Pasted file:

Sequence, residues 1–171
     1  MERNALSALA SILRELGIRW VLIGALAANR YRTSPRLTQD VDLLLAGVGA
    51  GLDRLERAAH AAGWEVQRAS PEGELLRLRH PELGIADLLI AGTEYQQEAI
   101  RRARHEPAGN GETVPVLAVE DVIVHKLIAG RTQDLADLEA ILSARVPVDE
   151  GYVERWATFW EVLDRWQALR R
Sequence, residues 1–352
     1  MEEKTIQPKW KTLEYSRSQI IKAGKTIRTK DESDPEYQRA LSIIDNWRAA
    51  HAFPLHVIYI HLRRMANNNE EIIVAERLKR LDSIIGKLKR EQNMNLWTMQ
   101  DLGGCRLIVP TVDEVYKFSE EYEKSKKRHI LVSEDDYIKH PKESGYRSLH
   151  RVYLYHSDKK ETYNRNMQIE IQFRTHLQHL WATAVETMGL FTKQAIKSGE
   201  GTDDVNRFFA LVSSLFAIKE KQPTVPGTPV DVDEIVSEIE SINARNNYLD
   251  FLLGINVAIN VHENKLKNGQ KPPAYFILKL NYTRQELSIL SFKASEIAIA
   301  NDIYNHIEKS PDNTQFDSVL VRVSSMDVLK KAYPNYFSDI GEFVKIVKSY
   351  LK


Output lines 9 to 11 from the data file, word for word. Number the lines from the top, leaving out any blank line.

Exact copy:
   101  DLGGCRLIVP TVDEVYKFSE EYEKSKKRHI LVSEDDYIKH PKESGYRSLH
   151  RVYLYHSDKK ETYNRNMQIE IQFRTHLQHL WATAVETMGL FTKQAIKSGE
   201  GTDDVNRFFA LVSSLFAIKE KQPTVPGTPV DVDEIVSEIE SINARNNYLD